“So You’re New on the Job,” Ensign, June 1985, 69–70
Many of us have learned, the hard way, that there are some things to do and other things to avoid doing during the first days on a new job. Often our future with an organization is based on those first few weeks or months of employment. If this is true, how can we use this crucial breaking-in period to our benefit?
Here are seven keys to success on that new job:
Know as much as you can about the job before you start. Too often we find out, after the fact, that it is hard to accept the job for what it is, rather than for what we thought it would be.
The best remedy for this is to learn as much as you can about the job ahead of time. You may want to talk informally with other workers or the supervisor to learn what you will be expected to do, how the supervisor manages people, and what the other workers are like.
Make a special effort to establish good working relationships. The single most frequent cause of disenchantment or early dismissal is the inability to relate to co-workers or the boss. Leaving a job early or being fired usually has little to do with job skills or learning ability. Most frequently it is because people can’t get along with each other, and this interferes with the work.
Mike, a construction worker, didn’t like his boss’s sarcasm. Realizing how easily he might become upset and angry with his boss, he talked to a friend who owned his own construction company. The friend shared with him some of his experiences as a supervisor. He said that sometimes things look different from the boss’s perspective. They talked about possible solutions.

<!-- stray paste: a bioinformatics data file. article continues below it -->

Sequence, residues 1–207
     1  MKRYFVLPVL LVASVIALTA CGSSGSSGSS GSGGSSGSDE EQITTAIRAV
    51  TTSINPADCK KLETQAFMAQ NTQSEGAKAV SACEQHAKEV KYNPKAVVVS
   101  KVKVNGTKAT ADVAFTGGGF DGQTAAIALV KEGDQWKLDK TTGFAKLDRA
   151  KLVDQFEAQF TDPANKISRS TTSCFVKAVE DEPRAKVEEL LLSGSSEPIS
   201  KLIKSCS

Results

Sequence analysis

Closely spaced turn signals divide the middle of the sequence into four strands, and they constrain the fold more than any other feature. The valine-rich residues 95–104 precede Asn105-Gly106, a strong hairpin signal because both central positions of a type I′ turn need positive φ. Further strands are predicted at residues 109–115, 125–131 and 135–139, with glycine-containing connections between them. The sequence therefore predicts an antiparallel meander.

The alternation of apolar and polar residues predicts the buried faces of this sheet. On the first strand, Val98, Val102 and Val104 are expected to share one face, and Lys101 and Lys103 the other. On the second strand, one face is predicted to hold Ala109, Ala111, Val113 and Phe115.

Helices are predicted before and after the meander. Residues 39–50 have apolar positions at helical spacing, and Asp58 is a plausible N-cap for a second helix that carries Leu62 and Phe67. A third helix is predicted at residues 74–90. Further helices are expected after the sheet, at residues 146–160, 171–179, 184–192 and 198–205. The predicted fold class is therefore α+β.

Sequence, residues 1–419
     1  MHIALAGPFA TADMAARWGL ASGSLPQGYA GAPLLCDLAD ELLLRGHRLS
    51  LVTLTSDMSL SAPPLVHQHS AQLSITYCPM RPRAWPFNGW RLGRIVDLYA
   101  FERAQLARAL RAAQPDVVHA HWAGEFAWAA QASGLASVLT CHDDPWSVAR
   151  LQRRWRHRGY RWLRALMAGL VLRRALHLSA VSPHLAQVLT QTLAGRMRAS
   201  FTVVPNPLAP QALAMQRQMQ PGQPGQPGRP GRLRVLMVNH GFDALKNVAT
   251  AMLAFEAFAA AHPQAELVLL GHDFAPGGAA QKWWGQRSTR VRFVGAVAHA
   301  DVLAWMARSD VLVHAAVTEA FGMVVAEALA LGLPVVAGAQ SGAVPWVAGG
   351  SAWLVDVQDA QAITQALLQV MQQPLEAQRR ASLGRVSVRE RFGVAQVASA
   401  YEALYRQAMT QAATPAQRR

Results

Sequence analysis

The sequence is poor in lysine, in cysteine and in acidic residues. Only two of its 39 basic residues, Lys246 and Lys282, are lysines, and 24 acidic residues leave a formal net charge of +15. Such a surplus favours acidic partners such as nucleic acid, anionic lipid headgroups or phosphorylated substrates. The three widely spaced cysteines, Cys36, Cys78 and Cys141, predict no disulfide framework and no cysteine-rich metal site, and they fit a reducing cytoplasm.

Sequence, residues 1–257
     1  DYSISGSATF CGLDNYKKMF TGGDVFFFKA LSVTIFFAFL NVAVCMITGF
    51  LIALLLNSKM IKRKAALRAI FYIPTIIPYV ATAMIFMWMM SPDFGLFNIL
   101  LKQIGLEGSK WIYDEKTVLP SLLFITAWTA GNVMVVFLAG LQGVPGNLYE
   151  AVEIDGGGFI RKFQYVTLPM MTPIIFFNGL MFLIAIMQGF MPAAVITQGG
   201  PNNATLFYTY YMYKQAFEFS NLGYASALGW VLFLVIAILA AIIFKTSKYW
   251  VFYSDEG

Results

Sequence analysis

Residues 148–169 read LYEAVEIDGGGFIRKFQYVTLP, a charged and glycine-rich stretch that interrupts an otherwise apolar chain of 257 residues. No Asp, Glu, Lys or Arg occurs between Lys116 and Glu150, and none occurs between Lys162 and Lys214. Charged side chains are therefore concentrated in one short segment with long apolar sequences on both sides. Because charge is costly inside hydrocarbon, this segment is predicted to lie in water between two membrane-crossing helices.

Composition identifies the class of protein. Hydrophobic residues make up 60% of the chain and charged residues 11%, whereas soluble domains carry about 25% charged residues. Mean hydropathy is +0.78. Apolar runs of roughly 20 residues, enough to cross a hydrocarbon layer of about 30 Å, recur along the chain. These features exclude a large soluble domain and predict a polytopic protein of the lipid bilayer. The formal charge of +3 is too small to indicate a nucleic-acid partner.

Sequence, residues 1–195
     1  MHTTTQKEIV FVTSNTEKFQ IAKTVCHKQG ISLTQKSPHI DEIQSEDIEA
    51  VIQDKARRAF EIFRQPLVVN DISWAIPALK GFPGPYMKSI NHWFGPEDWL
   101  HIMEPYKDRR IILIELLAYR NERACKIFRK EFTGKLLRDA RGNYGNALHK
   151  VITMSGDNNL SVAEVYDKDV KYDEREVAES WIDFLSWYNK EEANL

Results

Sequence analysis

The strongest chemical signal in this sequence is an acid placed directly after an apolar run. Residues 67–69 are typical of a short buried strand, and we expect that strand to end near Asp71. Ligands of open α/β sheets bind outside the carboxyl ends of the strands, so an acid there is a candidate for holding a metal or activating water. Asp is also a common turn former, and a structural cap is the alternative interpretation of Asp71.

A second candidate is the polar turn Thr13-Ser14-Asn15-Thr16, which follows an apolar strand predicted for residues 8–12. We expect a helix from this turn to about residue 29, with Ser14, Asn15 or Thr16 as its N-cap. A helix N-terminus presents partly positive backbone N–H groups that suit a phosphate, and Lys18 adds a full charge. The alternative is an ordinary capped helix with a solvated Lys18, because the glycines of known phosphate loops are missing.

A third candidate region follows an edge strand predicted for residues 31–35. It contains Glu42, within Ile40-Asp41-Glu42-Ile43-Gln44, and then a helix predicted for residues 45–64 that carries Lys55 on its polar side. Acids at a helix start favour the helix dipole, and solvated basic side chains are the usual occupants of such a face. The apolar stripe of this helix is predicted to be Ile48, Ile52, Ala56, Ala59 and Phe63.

Mike decided to talk with his boss for a few moments after work, telling him of his feelings in an attempt to resolve the problem.
Orient your perspective towards the goals of the employer. Ask yourself, “What is important to my supervisor?” “What are his or her priorities, goals, ways he or she likes to do things?” and “How can I help?” Try to understand how he or she sees things.
Keep your personal and job goals and values clearly in mind. What would you like to have contributed, learned, or accomplished in five years, two years, one year? How do you plan to do it? What is important to you—honesty, loyalty? What choice might you make in a compromising situation? If the supervisor asks you to falsify information, what will you do? Knowing your values before something like this happens is best. A person who has clearly defined his or her goals and values is solidly grounded and naturally engenders respect from others.
Become known as one who can be trusted and one who is dedicated to the job. Negative comments about co-workers, the supervisor, or the organization are never appropriate. It is important that you be true to yourself and to the supervisor.
Being true to yourself may mean bringing up a problem with the boss, rather than talking about it behind his or her back.
Seek a mentor. Find a person who has gone through an experience similar to yours and who is not in the same company, or at least not one of your supervisors or co-workers. Talk things over with him or her. Perhaps he can give you needed insights and let you get your ideas, feelings, and frustrations out. Often you don’t need advice as much as you need someone to listen.
Keep a balance in your life. You may make mistakes as you begin that new job. Because you are new, you lack information and experience. But being overly critical of yourself is destructive. Keeping things in perspective comes from sharing information and keeping a balance in your life. Balance comes from planning for church activities, recreation, hobbies, family time, vacations, reading, and making new friends. C. Susan Jones, former career development counselor, Brigham Young University